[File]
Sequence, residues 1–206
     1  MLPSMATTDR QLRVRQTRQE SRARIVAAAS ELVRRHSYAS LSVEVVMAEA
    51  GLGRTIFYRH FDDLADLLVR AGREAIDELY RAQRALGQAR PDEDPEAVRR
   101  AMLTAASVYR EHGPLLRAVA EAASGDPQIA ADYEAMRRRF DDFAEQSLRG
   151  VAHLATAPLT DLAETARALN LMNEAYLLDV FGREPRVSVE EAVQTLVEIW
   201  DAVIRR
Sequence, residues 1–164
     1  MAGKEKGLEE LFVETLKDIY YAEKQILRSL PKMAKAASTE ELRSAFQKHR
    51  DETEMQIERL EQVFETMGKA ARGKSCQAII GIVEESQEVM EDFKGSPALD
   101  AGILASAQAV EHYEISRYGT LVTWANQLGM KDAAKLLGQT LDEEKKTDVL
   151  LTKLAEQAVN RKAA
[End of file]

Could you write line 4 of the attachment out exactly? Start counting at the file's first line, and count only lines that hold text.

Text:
   101  AMLTAASVYR EHGPLLRAVA EAASGDPQIA ADYEAMRRRF DDFAEQSLRG